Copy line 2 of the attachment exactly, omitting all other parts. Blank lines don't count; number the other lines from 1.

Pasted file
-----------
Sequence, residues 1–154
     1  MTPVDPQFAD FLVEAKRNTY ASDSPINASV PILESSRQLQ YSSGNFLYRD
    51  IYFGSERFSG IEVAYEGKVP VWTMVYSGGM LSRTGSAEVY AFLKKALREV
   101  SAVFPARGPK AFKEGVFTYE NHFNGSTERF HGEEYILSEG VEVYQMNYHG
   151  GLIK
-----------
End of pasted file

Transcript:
     1  MTPVDPQFAD FLVEAKRNTY ASDSPINASV PILESSRQLQ YSSGNFLYRD